This report was previously presented, in part, at the 90th Annual Meeting of the Physiological Society of Japan.

Reprints will not be available from the authors.

Address correspondence to Hironobu Morita, MD, PhD, Department of Physiology, Gifu University Graduate School of Medicine, 1-1 Yanagido, Gifu 501–1194, Japan. Address e-mail to zunzunmorita@gmail.com.

The requirements of anesthetics for the induction of the anesthetic state vary depending on age, gender, race, and the condition of the patient.1–4 It is possible that the gravitational environment may also alter the effect of anesthetics. In 1997, the United States and Russia conducted a space mission called “Bion 11,” in which 2 macaque monkeys flew in space for 14 days. Although there were plans to collect muscle samples under general anesthesia on the first postflight day, one of the monkeys died during anesthesia and the other suffered from serious complications after anesthesia.5 The most prominent environmental feature during spaceflight is microgravity, a condition in which there is very little net gravitational force, which induces multiple physical changes. Although these physical changes are assumed to alter the effects of anesthetics,5,6 no study has yet reported on the influence of the gravitational environment on the effects of anesthetics.

Chronic exposure to microgravity induces muscle atrophy, decrease in bone volume, changes in body composition, cardiovascular deconditioning, and plastic alteration of the vestibular system (Table 1).7,9,10,13,14,16 Interestingly, some of these physical changes are also seen in hypergravity, even though gravity moves from 1g in a different direction. Decreases in body fluid, lean body mass, and suppressed body mass gain were reported both in hypergravity and microgravity.7–9 Because changes in body fluid and body mass may directly affect the distribution of anesthetics, both hypergravity and microgravity environments presumably alter the effect of anesthetics. Moreover, plastic alteration of the vestibular system and impairment of cardiovascular regulation were also reported in both microgravity and hypergravity.13–16 Because vestibular inputs project to multiple parts of the brain,17 alteration of the vestibular system may affect the pharmacodynamics of anesthetics.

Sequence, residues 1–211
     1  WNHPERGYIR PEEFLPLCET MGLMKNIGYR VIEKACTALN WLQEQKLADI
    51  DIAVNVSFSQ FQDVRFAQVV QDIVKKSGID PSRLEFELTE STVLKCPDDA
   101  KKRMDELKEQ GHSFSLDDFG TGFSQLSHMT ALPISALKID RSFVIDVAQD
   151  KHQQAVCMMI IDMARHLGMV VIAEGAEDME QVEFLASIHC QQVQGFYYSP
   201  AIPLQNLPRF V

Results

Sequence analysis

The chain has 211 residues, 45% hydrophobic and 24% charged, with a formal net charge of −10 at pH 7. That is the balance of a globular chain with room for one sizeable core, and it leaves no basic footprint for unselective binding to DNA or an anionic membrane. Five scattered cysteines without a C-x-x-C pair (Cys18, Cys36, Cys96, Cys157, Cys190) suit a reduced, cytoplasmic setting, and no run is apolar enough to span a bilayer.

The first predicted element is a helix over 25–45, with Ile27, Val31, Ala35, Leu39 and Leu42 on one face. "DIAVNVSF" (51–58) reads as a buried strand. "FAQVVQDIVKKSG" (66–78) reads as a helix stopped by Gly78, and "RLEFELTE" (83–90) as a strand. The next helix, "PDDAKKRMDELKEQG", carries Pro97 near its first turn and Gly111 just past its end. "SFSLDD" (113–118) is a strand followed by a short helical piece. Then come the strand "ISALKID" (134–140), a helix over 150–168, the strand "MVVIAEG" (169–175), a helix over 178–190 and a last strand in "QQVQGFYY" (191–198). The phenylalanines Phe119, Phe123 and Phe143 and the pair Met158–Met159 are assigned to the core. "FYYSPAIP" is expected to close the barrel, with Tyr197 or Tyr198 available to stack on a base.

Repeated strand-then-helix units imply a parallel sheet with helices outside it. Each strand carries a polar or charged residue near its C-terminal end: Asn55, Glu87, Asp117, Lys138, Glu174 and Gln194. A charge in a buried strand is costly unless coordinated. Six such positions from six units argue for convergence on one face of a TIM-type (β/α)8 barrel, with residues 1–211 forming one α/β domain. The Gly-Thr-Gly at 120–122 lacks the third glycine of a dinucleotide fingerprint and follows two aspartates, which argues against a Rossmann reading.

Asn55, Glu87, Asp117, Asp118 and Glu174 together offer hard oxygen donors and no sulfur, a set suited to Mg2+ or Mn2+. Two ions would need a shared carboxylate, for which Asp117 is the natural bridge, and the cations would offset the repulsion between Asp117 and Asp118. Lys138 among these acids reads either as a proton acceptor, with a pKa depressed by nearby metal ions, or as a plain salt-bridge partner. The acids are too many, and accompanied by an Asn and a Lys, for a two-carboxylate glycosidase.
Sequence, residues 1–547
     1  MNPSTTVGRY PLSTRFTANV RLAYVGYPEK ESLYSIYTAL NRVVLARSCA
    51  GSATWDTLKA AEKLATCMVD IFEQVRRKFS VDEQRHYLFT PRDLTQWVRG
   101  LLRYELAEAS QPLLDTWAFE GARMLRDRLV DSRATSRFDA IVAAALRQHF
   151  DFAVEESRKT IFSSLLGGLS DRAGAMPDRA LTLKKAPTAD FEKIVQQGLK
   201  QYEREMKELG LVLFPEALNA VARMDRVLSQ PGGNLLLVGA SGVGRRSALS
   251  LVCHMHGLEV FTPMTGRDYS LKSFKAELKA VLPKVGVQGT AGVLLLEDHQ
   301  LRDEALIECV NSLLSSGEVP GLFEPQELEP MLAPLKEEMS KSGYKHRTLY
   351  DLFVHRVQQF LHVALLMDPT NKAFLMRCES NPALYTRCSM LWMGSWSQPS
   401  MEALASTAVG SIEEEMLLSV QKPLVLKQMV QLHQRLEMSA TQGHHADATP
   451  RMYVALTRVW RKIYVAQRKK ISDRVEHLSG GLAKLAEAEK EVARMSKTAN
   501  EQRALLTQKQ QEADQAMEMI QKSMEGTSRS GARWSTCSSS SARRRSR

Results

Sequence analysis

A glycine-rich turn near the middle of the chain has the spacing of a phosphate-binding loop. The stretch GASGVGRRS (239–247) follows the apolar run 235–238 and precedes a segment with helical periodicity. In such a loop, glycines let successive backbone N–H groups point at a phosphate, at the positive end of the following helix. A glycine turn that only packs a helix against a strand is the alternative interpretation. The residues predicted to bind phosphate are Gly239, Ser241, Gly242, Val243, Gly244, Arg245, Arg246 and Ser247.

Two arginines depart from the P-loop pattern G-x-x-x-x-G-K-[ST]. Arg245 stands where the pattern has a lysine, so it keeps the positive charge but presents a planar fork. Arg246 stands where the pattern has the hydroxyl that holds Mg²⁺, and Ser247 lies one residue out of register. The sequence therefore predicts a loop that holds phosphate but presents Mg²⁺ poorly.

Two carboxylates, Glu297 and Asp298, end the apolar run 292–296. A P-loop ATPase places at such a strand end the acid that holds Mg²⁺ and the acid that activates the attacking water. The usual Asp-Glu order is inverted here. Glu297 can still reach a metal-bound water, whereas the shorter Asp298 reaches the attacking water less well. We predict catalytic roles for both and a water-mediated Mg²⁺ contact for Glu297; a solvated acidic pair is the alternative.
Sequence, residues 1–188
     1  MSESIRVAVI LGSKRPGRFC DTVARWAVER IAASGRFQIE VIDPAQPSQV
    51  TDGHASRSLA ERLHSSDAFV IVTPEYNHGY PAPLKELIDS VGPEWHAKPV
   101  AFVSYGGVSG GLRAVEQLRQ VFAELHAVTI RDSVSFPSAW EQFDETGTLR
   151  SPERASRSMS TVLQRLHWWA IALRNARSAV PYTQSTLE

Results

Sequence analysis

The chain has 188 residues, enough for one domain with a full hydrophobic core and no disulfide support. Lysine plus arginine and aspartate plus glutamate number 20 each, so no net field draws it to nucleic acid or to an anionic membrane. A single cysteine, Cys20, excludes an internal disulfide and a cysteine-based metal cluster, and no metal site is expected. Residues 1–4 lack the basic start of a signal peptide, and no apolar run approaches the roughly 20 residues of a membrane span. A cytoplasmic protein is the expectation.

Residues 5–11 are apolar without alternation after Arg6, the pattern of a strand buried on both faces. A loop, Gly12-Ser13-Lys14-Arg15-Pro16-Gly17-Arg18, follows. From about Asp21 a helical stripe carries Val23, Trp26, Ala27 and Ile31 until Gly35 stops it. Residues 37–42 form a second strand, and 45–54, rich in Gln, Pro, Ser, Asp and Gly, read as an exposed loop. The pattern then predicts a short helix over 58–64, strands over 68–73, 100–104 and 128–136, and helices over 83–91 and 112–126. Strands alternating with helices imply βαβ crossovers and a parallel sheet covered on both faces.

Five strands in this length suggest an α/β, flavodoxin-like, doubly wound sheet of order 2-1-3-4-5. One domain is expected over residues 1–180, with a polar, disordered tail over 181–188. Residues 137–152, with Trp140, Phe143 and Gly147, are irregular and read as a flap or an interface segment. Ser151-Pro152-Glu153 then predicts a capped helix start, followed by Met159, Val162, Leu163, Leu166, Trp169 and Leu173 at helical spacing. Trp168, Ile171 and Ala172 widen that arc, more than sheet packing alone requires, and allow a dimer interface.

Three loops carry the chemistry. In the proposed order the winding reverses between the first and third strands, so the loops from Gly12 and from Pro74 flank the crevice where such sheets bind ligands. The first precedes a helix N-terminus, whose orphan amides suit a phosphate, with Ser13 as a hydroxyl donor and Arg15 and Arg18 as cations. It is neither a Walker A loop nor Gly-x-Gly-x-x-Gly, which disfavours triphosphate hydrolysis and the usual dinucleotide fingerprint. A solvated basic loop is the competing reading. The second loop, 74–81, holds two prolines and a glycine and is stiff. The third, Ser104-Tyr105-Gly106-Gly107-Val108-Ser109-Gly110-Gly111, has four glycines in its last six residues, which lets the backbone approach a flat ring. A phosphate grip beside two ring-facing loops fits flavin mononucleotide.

Table 1

Table 1

In the present study, we hypothesized that hypergravity may alter the anesthetic effect through an alteration in the distribution of the anesthetic or vestibular-mediated pathway. To investigate this hypothesis, we used the IV anesthetic, propofol, and compared its effects on rats raised in a 1g and a 3g environment for 14 days by measuring the induction of burst suppression in the electroencephalograms (EEGs), arterial blood pressure, and the appearance of the righting response to noxious electrical stimulations. Plasma propofol concentrations were measured to examine the distribution of propofol. To examine whether the vestibular system participated in the observed results, experiments were also conducted on rats with vestibular lesions (VLs).

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METHODS